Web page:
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What Is Skull Base Surgery?

Skull base surgery is surgery that is done to remove a or other growth at the base, or bottom, of the skull.

Minimally invasive skull base surgery, also called endoscopic skull base surgery, is a surgical technique that lets doctors do this delicate surgery through the nose.

Why Is Skull Base Surgery Done?

Skull base surgery is done to remove tumors, including:

  • craniopharyngiomas (a brain tumor near the )
  • tumors in the pituitary gland
  • sinonasal tumors (tumors of the sinuses and nasal cavities)

Skull base surgery also can be done to treat a , encephaloceles (hernias in the brain), and some birth defects.

What Happens Before Skull Base Surgery?

Caring for children with tumors and other conditions that need skull base surgery takes a team. Depending on a child's diagnosis, the care team of doctors may include:

To prepare for surgery, doctors will likely order a CAT scan and/or an MRI scan. A child may need other tests, treatments, and exams before surgery.

How Is Minimally Invasive Skull Base Surgery Done?

A child gets anesthesia to sleep through the procedure. The surgeon will insert a thin tube with a light and high-definition camera — called an — in the nose. Then, the surgeon uses special tools to remove the tumor or other growth. The endoscope lets the surgeon see the area clearly during the procedure.

How Long Does Skull Base Surgery Take?

How long the surgery takes depends on a child's condition. Usually, it takes several hours.

What Happens After Minimally Invasive Skull Base Surgery?

Doctors will put absorbable packing material in the nose to help control bleeding. The doctor will recommend saline (saltwater) nasal spray and antibiotic ointment to help keep the inside of the nose moist and minimize crusting.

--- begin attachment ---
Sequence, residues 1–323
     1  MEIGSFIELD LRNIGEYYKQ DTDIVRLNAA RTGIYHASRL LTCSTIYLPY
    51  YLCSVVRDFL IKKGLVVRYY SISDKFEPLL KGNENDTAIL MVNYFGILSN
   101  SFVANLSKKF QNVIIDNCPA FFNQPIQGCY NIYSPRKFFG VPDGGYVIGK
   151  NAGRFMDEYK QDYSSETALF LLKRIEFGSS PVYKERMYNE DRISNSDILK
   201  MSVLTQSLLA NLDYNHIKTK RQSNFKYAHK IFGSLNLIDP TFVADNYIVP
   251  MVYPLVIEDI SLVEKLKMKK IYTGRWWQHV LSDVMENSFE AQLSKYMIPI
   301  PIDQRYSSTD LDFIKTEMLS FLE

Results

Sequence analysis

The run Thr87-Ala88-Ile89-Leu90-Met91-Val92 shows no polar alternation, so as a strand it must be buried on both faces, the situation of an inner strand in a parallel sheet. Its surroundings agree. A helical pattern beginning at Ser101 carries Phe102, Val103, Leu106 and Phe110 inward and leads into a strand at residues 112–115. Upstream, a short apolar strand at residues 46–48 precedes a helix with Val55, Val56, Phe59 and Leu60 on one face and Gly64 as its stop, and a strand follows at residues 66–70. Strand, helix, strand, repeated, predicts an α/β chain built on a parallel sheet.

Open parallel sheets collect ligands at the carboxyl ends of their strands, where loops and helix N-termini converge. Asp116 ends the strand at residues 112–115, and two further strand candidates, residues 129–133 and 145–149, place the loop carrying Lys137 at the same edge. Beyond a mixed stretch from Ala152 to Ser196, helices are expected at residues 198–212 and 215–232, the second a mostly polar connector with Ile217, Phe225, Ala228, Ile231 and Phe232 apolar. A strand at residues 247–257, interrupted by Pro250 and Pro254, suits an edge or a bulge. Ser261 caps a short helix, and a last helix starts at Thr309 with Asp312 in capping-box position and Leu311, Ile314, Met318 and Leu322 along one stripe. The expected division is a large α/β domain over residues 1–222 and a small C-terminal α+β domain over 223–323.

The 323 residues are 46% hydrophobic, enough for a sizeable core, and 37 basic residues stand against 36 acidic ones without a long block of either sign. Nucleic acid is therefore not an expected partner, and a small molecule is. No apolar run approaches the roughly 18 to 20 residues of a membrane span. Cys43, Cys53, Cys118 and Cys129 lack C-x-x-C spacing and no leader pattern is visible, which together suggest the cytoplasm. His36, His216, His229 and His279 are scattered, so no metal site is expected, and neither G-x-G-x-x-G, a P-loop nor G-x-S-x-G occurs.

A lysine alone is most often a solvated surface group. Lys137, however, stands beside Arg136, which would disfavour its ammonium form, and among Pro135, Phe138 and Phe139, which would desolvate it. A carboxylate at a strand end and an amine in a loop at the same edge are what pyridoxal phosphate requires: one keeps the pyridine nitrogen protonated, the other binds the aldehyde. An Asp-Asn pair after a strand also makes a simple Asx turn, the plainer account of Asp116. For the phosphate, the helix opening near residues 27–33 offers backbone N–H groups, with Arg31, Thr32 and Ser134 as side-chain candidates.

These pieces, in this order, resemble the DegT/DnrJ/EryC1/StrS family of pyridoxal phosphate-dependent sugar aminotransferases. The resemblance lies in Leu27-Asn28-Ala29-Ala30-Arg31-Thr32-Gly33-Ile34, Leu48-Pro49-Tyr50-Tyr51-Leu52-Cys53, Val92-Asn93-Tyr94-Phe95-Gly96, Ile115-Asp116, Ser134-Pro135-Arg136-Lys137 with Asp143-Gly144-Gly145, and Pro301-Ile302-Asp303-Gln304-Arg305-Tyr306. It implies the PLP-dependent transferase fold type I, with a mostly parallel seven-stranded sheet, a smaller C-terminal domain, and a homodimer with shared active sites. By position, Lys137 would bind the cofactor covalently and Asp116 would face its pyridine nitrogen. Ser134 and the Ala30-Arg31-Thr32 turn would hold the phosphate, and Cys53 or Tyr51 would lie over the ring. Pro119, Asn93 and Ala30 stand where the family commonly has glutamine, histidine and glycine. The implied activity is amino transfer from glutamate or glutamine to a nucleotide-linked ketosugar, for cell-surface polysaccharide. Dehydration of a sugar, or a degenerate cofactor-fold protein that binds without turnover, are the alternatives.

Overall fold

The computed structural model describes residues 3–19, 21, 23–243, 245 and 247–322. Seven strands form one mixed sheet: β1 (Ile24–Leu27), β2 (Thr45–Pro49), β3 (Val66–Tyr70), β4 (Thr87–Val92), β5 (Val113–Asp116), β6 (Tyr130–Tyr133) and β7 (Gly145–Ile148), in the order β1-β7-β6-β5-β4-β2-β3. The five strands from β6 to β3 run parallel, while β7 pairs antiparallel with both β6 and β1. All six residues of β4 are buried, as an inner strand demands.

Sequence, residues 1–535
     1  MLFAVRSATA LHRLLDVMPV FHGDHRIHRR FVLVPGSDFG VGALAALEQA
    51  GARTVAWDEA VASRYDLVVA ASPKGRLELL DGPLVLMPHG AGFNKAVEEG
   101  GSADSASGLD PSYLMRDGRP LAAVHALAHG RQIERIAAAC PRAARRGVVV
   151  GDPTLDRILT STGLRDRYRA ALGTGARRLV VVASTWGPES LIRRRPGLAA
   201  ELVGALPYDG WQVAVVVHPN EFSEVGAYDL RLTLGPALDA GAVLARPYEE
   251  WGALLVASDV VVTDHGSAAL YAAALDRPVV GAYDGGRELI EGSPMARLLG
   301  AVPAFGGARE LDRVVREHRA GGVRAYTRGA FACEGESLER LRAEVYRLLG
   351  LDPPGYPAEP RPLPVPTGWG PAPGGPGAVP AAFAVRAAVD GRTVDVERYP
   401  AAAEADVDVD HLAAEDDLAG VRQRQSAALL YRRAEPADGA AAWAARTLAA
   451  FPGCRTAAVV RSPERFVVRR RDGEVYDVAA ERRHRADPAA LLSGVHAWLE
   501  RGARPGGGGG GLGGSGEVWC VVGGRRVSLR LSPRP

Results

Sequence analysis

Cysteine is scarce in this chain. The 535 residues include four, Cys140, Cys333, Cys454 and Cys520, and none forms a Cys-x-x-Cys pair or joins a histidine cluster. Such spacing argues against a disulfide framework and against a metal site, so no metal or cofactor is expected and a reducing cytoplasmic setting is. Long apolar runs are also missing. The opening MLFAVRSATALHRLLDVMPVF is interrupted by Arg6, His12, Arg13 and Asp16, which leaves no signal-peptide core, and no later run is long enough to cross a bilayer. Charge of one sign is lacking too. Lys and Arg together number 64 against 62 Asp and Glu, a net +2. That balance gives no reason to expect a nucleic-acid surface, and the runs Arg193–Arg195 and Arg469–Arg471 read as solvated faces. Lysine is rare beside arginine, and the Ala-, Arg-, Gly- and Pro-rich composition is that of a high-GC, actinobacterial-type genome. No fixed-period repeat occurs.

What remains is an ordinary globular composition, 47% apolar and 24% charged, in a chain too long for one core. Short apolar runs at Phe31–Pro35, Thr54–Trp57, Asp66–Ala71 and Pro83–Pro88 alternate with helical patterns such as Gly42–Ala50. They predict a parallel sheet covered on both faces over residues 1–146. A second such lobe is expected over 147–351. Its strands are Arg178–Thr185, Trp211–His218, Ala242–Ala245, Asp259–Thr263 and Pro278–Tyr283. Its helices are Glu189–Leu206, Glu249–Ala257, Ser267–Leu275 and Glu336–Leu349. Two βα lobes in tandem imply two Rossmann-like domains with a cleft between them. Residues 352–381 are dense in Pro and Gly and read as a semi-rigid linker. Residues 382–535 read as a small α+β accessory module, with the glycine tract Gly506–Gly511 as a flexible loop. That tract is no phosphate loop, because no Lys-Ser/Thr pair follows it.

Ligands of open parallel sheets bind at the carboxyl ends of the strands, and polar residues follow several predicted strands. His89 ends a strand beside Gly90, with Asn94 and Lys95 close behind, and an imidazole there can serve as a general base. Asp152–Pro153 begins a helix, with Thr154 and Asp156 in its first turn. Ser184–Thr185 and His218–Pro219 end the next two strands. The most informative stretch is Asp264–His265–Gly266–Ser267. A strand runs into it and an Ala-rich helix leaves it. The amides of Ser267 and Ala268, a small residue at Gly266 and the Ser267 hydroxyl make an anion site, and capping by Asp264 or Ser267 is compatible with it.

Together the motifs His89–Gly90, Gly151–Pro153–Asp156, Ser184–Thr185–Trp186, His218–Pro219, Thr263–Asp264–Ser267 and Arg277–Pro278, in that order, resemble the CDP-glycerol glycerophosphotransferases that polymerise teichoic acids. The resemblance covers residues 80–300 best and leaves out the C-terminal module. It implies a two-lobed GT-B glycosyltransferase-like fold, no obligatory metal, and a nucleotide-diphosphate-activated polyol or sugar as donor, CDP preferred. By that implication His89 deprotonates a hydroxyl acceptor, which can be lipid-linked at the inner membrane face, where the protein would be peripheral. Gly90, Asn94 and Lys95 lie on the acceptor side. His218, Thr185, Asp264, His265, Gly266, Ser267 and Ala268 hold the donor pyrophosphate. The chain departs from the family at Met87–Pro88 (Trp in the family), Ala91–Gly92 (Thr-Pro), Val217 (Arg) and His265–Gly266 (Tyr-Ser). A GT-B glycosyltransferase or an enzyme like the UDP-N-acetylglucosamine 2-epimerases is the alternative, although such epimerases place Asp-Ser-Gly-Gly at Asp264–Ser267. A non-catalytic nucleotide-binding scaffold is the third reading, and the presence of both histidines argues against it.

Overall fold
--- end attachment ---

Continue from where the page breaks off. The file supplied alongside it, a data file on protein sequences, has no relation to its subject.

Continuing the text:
After surgery, a child will see the ENT surgeon regularly. The surgeon will check healing and clean up crusting in the nose.

Depending on the diagnosis, a child also might have follow-up visits with other specialists and other treatments, such as radiation or chemotherapy.

Kids must avoid things that increase pressure in the head for at least a month after skull base surgery. They should not:

  • strain or bear down (like during a bowel movement). The doctor may recommend a stool softener.
  • blow their noses hard
  • sneeze with their mouth closed
  • sleep flat. The doctor will usually recommend sleeping with a couple of pillows to keep the head elevated for a week or two.

Are There Any Risks From Skull Base Surgery?

The most common problem after skull base surgery is a cerebrospinal fluid (CSF) leak. CSF, the clear fluid that surrounds and cushions the brain, can leak out of the nose if there is a hole or tear in the protective covering of the brain. CSF leaks must be repaired.

There also is a chance of injury to blood vessels or important nerves at the base of the skull during surgery.

Other complications of skull base surgery can include:

  • bleeding
  • loss of smell
  • decreased sense of taste
  • face and teeth numbness
  • meningitis or other infection

What Else Should I Know?

The conditions treated with skull base surgery are serious. Minimally invasive skull base surgery allows for faster recovery, less pain, no scars, fewer complications, and less chance of damage to other parts of the brain. In some cases, though, traditional skull base surgery can be the better option.

If you have questions about your child's surgery, talk to your doctor.

Medically reviewed by: William J. Parkes, IV, MD
Date reviewed: October 2022